DadTime is an iOS and Android app designed to improve the well-being of low-income fathers and their children by addressing societal and personal barriers to positive involvement.
Does the efficacy of in-person programs increase when it is paired with a digital companion app?
That's the question MDRC was interested to answer with the introduction of the DadTime app. However, what that app needed to be like so that it can be most effective was an open question.
Any project that solves problems for people starts with understanding those people. A great way to get started is by developing personas for the people that you are creating solutions for. The project team spent several hours together getting to know our audience. It's important to note that several members of the project team had years of personal experience with this audience. This was not time spent plucking ideas about our users from our imaginations.
A few crucial themes emerged during this persona exercise. This audience is overburdened, marginalized, and can have a low level of literacy.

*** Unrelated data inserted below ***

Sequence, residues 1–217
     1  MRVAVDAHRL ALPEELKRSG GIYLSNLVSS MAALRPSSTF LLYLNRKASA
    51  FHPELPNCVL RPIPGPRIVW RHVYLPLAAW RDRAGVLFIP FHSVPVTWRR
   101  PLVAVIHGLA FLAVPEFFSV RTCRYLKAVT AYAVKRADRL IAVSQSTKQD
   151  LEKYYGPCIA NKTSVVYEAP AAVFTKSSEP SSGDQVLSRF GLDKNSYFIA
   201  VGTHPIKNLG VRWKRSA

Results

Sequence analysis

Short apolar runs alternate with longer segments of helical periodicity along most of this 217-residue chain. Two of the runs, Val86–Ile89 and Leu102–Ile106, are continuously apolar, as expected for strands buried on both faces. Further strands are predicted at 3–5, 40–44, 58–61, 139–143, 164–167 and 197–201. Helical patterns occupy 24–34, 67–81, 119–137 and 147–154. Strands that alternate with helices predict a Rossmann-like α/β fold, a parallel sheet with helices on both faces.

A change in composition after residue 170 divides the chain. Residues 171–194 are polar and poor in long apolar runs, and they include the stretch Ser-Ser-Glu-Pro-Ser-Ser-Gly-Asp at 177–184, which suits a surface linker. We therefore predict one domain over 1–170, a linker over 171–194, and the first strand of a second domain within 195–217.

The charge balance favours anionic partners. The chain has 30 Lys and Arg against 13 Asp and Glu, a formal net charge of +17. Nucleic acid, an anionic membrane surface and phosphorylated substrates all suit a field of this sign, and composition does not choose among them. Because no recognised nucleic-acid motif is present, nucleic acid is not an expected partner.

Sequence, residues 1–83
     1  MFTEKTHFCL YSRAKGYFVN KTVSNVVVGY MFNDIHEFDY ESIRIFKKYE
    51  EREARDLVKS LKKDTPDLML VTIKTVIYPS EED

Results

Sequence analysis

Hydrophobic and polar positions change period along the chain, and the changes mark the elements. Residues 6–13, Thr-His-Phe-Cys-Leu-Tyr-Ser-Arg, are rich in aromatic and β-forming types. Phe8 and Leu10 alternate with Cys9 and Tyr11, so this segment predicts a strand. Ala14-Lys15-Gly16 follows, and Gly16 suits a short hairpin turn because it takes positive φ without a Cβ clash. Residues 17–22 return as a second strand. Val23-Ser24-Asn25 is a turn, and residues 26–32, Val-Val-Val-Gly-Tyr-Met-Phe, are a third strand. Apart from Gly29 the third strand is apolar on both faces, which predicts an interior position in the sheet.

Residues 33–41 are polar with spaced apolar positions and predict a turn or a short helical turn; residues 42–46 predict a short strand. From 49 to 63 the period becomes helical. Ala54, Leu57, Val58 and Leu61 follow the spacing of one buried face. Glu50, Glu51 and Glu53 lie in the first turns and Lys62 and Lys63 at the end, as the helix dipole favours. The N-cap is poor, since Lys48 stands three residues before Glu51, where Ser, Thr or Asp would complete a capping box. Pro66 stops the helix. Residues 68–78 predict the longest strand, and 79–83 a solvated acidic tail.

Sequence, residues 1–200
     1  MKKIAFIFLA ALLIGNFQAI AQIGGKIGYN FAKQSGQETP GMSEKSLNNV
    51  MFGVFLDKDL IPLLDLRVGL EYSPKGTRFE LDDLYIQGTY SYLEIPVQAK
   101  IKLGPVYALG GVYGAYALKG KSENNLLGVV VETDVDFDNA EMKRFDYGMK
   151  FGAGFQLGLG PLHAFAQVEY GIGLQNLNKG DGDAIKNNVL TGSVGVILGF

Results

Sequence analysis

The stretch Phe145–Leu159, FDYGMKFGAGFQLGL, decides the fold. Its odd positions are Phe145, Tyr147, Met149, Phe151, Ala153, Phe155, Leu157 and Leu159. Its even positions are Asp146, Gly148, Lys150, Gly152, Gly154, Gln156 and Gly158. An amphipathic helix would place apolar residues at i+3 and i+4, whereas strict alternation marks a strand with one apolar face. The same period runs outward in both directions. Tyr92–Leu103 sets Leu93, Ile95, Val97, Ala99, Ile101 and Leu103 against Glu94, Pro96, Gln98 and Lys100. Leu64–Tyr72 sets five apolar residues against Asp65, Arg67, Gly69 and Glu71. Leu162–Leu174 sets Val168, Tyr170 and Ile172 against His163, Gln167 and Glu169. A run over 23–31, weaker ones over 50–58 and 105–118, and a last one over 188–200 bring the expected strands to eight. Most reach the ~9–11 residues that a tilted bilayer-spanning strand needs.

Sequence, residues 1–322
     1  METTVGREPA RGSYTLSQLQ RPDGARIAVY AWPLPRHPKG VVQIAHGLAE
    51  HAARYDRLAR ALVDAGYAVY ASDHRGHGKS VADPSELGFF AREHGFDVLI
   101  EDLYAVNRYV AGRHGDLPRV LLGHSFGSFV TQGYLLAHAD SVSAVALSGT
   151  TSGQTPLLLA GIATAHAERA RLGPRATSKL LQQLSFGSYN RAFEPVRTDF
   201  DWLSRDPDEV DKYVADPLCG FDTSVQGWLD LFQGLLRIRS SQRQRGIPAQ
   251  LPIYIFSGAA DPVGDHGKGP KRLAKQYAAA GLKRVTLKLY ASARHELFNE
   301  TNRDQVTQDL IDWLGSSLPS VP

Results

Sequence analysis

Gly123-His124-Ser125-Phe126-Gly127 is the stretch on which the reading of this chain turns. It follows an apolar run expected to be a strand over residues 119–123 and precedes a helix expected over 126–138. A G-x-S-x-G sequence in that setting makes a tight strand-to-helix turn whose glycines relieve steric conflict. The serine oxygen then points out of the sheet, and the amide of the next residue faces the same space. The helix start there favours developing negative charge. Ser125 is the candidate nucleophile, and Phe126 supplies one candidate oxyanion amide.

Our problem statement was:
How might we offer our users the right content at the right time so they might have a quick and meaningful learning interaction?
In just a few hours, I was able to create a working clickable prototype to test some of our initial concepts. I then took this prototype into the field and gathered feedback from real end-users. Some trends appeared in the feedback that required consideration; mainly, simplify, simplify, and simplify.
I took the prototype back into iteration mode, trimming down the content, taking out a few steps, and reworking the information architecture. After another round of testing we found that this revision was really well received by end users. We knew we had something to work with now.
UX & UI Design
Over the next few weeks, I worked with the development team at CauseLabs to fill in the gaps of the prototype, creating the final UI design, and delivering a robust hand-off document which defined the functionality of each part of the application that would serve as a guide for the development team over the coming months.
The final app design paired seemlessly with in-person classes that the users were required to attend. The app sends helpful reminders about upcoming classes, along with simple steps to plan for how to get to class. Between classes the app sends simple and quick interactive practices to help codify what had been learned in the previous class.
The study is being evaluated to answer if a digital companion app is helpful in supporting engagement with in-person programs.
What I did
HCD Workshop Facilitator